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Dave Black

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Dave Black last won the day on November 8 2017

Dave Black had the most liked content!

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About Dave Black

  • Rank
    Guard Bee


  • DECA Holder
  • Beekeeping Experience
    Hobby Beekeeper


  • Location
    Bay of Plenty

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  1. Dave Black

    Nutritional supplements

    I developed a comparison between a couple of the supplements I was interested at the time (a liquid and a powder), and what I could find in the literature about honey bee requirements (sources like de-Groot, and Filipiak (2017)). It was a bit tricky getting a definitive list of the contents of the products (commercially sensitive apparently), and what we know about honey bee nutrition is still in ‘probably’ territory, but there are a couple of comments to make. I was able to compare around 40 minerals and amino acids. I also can’t say I’m particularly confident that the contents of the products will be the same every time, but let’s hope so. Compared with the ‘real thing’ (esp.pollen) often critical ingredients were missing, or not available in sufficient quantity to be useful. Conversely, one or two ingredients were not needed at all. For a couple of minerals, it’s difficult to be sure but I’d argue they were uncomfortably close to the point of becoming toxic. Iodine and sodium for instance. The dietary requirement varies between caste, developmental stage, locale, and actually season. Just think about the implications of that for a moment. In real life honey bees appear to actively search out the missing mineral elements when they need them, although there isn’t much evidence they can do that with amino acids. Beekeepers getting colonies ready to work out of season or in different/distant geographies –essentially ‘cheating nature’, might have a need to intervene. Some sedentary beekeepers might have local temporal shortages to overcome, and some, chasing monocultures, might need some respite care. None of that applied to me so I decided to leave well alone for now.
  2. Dave Black

    Varroa resistance to Oxalic

    Nanetti, (referred to above) tells you.
  3. Dave Black

    Varroa resistance to Oxalic

    Nope, unless you mean the next generation becomes contaminated by residue from the treatment too. Most of it has gone in a fortnight, but a little remains up to a month, and a tiny bit a little longer. If you dose once a week, you will have more in the hive than you think.
  4. Dave Black

    Varroa resistance to Oxalic

    Not big on the anvil hypothesis myself. 😊 Oxalic acid is found in many living things; pretty ubiquitous. It is an inescapable part of their metabolic processes, even if they didn’t eat it they would make it, just like us. Consequently, nearly everything has a way of getting rid of it. Sometimes this is quite ingenious, some plants produce spiky calcium oxalate crystals that make their leaves unpleasant to eat for example. Sometimes it’s just converted to carbon dioxide and water or passed as is. People make kidney stones if they have trouble getting rid of it. Goats have gut bacteria that help if I remember right, so they can eat some pretty inedible plants. Or, to put it another way, almost everything is probably resistant to oxalic already. I suspect it’s not what it is, but how much of it you get relative to an ability to process it that leads to trouble. In just the way that bees tolerate it, mites could, if they didn’t get such a humungous dose. Until we know how it works, we can’t make sensible guesses. I think the smart money reckons it isn’t acidification of the bee’s haemolymph, because it isn’t a big enough change in pH. It appears to act directly on the mite, perhaps through its feet. Maybe it interferes with calcium ion use and limits energy production, who knows, the possibilities are many, both crude and subtle.
  5. Dave Black

    Varroa resistance to Oxalic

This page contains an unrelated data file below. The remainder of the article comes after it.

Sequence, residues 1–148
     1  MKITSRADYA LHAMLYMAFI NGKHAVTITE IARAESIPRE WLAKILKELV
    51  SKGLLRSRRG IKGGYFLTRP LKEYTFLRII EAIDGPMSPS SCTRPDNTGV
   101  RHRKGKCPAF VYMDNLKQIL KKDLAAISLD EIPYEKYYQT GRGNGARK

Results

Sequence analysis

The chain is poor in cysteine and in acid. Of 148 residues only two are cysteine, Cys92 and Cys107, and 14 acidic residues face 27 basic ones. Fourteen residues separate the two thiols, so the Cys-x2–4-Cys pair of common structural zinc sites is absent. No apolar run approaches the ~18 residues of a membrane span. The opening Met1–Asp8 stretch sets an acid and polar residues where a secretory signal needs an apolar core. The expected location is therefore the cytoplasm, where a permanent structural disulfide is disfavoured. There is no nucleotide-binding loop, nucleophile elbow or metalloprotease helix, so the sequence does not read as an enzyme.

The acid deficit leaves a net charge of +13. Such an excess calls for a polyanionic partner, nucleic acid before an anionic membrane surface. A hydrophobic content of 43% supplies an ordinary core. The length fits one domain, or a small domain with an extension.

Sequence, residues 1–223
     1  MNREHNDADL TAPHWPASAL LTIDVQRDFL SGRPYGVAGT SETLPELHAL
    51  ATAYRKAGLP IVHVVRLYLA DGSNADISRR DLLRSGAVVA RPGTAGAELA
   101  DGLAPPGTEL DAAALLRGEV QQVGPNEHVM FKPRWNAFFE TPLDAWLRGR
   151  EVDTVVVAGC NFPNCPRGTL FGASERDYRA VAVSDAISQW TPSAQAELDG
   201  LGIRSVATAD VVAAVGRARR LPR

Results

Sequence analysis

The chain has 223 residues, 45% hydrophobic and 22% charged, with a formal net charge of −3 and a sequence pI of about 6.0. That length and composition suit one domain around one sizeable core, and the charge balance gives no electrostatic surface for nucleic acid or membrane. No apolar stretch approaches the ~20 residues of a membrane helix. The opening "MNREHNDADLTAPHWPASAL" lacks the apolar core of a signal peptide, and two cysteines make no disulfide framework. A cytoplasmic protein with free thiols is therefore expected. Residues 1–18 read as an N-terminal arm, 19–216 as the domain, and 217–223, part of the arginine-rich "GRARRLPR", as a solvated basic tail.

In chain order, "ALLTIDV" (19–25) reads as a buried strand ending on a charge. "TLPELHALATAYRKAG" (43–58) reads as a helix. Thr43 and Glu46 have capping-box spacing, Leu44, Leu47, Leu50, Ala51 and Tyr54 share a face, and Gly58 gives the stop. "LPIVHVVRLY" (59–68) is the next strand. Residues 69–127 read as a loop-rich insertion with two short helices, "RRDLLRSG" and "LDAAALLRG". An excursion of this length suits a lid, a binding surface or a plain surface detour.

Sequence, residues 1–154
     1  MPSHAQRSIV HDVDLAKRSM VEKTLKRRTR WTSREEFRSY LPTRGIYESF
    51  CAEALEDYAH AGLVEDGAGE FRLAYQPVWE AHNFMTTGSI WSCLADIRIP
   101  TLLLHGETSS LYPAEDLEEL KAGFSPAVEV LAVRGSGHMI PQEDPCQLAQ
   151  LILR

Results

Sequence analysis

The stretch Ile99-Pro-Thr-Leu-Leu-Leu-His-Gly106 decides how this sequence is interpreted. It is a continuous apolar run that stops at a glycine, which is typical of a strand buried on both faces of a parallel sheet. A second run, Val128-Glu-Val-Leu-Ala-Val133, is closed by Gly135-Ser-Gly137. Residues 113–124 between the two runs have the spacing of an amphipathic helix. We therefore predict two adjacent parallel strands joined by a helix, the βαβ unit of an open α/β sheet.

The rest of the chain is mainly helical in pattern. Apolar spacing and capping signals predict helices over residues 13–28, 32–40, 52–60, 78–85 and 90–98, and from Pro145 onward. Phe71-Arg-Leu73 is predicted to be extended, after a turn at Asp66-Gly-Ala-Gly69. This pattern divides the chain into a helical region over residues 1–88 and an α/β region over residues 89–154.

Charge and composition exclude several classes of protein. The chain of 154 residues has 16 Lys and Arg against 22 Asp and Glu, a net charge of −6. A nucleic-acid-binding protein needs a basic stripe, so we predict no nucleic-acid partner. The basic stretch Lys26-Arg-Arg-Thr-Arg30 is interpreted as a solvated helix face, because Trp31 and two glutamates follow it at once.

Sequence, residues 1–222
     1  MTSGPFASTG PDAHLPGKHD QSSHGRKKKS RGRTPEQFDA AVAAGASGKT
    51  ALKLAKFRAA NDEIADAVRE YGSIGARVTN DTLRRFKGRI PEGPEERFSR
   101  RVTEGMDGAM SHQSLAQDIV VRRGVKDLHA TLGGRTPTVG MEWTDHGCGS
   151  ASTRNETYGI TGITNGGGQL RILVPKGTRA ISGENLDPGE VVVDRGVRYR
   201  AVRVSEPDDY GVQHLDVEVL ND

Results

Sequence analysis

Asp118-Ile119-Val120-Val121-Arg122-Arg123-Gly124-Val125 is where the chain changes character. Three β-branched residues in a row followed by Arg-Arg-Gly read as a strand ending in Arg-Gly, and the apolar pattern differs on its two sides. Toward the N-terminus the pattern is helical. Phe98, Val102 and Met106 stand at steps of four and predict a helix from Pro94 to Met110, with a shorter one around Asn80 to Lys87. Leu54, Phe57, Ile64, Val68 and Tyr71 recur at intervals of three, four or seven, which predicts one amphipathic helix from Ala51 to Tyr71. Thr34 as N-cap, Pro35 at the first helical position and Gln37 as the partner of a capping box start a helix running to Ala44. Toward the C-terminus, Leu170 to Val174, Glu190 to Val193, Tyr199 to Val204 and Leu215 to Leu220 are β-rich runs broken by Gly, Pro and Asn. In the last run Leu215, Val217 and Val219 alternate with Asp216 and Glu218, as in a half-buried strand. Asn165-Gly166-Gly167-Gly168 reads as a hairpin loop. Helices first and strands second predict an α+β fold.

In 'continuous' treatments I'm less concerned about the mites; more concerned about the 'bees. Eight treatments of 4%sol per year seems a lot. For example: Higes, M., Meana, A., Llorente, J., & Suárez, M. (1999). Negative long-term effects on bee colonies treated with oxalic acid against Varroa jacobsoni Oud . Apidodologie, 30, 289–292. Abstract - Two oxalic acid treatments were given to five colonies in autumn and five colonies in spring. In each treatment, colonies were treated every 7 days for 4 weeks with a 3 % sprayed oxalic acid. Another five colonies in each season served as controls and were sprayed only with water. Efficacy of oxalic acid in autumn was 94 % and in spring was 73 %. A long-term study of the colonies for 3-4 months after the last application of oxalic acid showed a statistically significant negative effect of the acid on brood development. In addition, three queens died in the treated colonies. Rademacher, E., Harz, M., & Schneider, S. (2017). Effects of Oxalic Acid on Apis mellifera. Insects, 8(84). https://doi.org/10.3390/insects8030084 Our aim was to define the no observed adverse effect level (NOAEL) and the lowest observed adverse effect levels (LOAEL) for OAD, including a safety margin for the dosage used in practical beekeeping. Furthermore, we wanted to understand which sublethal effects can be found and how OAD is distributed in the colony. Two honey bee nucleus colonies (A. m. carnica) were used for a distribution test with a macro-computed tomography scanner (macroCT) where OAD (Oxalic acid dehydrate) was mixed with the water-soluble contrast agent Unilux. After oral application, bee mortality occurred at relatively low concentrations (No Observed Adverse Effect Level (NOAEL) 50 µg/bee; Lowest Observed Adverse Effect Level (LOAEL) 75 µg/bee) compared to the dermal treatment (NOAEL 212.5 µg/bee; LOAEL 250 µg/bee). The dosage used in regular treatment via dermal application (circa 175 µg/bee) is below the LOAEL, referring to mortality derived in the laboratory…OAD used to treat varroosis of A. mellifera shows a rapid and consistent distribution in the colony for at least up to 14 days, and high efficacy against the mite, but also lethal and sub-lethal effects. In practical beekeeping, appropriate use of OAD (one topical application, on average 175 µg/bee) is relatively safe for A. mellifera at the colony level, even when some individuals are lost. However, ingestion leads to high mortality. OAD is one of the most important organic acids used for the control of V. destructor. It is indispensable but must be dosed precisely and applied as seldom as possible to prevent sublethal damages which eventually lead to the loss of bees. Long disposition in the bee hive can cause accumulation of the acid and therefore induce further damage. Strachecka, A., Paleolog, J., Olszewski, K., & Borsuk, G. (2012). Influence of Amitraz and Oxalic Acid on the Cuticle Proteolytic System of Apis mellifera L. Workers, 821–832. https://doi.org/10.3390/insects3030821 Oxalic reduced the activity of anti-pathogen cuticle barrier leaving the bees more susceptible to bacterial and fungal pathogens… The rinsings from the body surface of workers in the control group showed activity in relation to all the microorganisms. In bees treated with amitraz and oxalic acid, no activity towards A. niger or S. aureus was observed. Moreover, after applying oxalic acid, no activity was identified in relation to S. typhimurium or P. aeruginosa. Nanetti, A., Bartolomei, P., Bellato, S., De Salvio, M., Gattavecchia, E., & Ghini, S. (2003). Pharmacodynamics of oxalic acid in the honey bee colony. Standing Commision on Bee Pathology. …a noticeable contamination of the adult honey bees was detected 24 hours after the 1999 treatment. One day later the peak reached a maximum of 118 µg/g, but further remarkable decreases occurred on the seventh and on the eleventh days when contents of 10,8 and 2,0 µg/g were found. If an average honey bee weight of about 100 mg is taken as a reference, the individual oxalic acid contamination ranged around 12 µg, 1 µg and 0,2 µg, respectively. Further gradual decrease occurred during the following months… In the second replicate the presence of 14C-oxalic acid could be demonstrated in the honey bee haemolymph. The highest value (10 ng/mg) was recorded 12 hours after the treatment, but a steep decrease occurred further, leading to a concentration of 1,1 ng/mg on the 84th hour. Radioactivity almost completely faded out about one month after the treatment. Little difference, if any, was shown by the autoradiographies of unwashed wings and of the wings where oxalic acid was removed by thorough washing. Both left clear impression of their nervatures on the film. This seems to indicate a low external contamination of the bees and is consistent with the detection of contaminating oxalic acid in the haemolymph, which fills the wing nervatures. .. Twelve hours after the treatment, all the tracts between honey sac and rectum showed the presence of the marker, but later on only occasional presence of the radioactive marker was detected within the honey sacs. Generally the contamination decreased with the time; the intestines collected on the 22nd and 31st days were not contaminated with detectable amounts.